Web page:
The five main types of grips used for backhands in tennis are the Continental, Eastern, Full Eastern, Western, and two-handed. Within the two-handed category are several combinations of left and right hand positions.
In the feature on forehand grips, we were able to greatly simplify the task of finding and remembering the grips by using just the base knuckle of the index finger as our one point of reference on the hand. With backhand grips, the base knuckle will still be our primary point of reference, but because more pressure is exerted on the thumb in backhand strokes, we'll have to keep track of it, too.
We only need to define three planes on your racquet handle for the backhand grips. The plane parallel to that of your racquet face is called the side plane. The top plane, which faces up when your racquet is on edge, is perpendicular to the side plane. The plane between the top plane and the right side plane is the upper right slant.
To find a Continental backhand grip, place your base knuckle on the upper right slant and wrap your thumb almost straight around the handle. This grip is poorly suited to hitting topspin, but it can be used effectively for slice and adequately for flat shots. It handles low balls well, finding most of its few proponents among grass court specialists, especially grass-court serve-and-volley players who hit fewer groundstrokes and like to use essentially the same grip for all of their shots.
To find the Eastern backhand grip (note the distinction from the Full Eastern), place your base knuckle on the right edge of the top plane and extend your thumb diagonally across the left side plane. This is a versatile grip, suitable for topspin, slice, and flat shots.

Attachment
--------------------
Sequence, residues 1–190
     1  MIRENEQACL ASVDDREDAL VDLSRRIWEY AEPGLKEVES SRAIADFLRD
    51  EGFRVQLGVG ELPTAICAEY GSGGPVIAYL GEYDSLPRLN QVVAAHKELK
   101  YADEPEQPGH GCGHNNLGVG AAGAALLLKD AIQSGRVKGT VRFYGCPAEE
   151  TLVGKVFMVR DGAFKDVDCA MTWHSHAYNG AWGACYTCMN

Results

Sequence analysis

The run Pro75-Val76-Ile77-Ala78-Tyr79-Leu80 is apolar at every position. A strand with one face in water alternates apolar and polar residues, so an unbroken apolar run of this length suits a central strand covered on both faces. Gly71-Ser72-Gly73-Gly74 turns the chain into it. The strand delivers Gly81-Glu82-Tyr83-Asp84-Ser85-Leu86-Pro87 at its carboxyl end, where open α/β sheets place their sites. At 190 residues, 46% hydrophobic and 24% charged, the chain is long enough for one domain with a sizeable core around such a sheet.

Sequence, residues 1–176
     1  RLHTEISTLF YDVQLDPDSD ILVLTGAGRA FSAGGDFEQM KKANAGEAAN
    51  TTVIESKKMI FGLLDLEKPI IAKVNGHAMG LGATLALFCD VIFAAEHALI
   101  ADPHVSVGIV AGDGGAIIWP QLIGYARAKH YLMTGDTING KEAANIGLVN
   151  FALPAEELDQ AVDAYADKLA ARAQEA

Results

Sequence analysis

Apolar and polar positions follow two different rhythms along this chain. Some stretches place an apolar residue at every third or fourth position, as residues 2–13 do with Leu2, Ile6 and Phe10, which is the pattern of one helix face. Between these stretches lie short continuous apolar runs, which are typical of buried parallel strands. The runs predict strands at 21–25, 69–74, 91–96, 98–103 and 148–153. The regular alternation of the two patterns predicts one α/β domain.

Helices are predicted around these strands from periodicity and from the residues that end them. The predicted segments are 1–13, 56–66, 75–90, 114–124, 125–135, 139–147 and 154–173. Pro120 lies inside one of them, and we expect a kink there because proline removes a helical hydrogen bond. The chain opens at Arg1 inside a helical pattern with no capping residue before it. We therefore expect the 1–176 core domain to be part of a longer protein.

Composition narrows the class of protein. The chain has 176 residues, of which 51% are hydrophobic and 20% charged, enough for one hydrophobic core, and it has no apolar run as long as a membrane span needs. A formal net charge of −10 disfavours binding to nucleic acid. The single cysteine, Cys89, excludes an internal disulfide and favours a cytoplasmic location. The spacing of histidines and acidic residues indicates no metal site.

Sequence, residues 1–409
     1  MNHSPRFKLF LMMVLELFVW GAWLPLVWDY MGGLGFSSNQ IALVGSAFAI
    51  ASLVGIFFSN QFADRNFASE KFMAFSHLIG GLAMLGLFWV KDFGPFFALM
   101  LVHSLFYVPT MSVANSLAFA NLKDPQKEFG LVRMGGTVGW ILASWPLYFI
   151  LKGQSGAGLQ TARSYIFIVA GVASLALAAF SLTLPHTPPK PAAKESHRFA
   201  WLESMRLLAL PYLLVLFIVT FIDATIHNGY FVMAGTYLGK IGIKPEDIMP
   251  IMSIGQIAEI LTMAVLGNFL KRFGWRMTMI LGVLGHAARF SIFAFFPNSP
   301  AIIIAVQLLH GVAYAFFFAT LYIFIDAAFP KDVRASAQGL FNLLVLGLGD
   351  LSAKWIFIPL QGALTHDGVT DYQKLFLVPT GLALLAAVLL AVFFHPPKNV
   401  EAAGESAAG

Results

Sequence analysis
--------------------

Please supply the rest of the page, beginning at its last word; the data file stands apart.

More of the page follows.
To find the Full Eastern backhand grip, place your base knuckle on the center of the top plane and extend your thumb more straight across than diagonally across the left side plane. This grip is favored by players who like to hit heavy topspin on their backhands, but it works well for flat and slice shots, too. As their names imply, the Eastern and Full Eastern are not greatly different.
The Western backhand grip is often defined as synonymous with the Full Eastern, but a more extreme Western grip places the base knuckle on the left ridge of the top plane. The extreme Western backhand grip is not widely used. It can generate heavy topspin, but it is poorly suited for slice or even flat shots.
For the two-handed grips, the left hand (of a righty) is most commonly placed in an Eastern forehand position, although the advent of more Western styles has many players turning it closer to the Semi-Western. (See the feature on forehand grips.) The right hand, resting lower on the handle, is most commonly placed in a Continental backhand position, but it can also take up an Eastern forehand or an Eastern backhand position. Two-handed backhands offer more racquet stability and easier topspin production, but they are difficult to use on low balls and for generating slice. Most good two-handers learn to use one hand for low balls, emergency stretch shots, and slices, and keeping the right hand in a Continental or Eastern Backhand position makes this easier.
If you have questions, please post them at our tennis forum.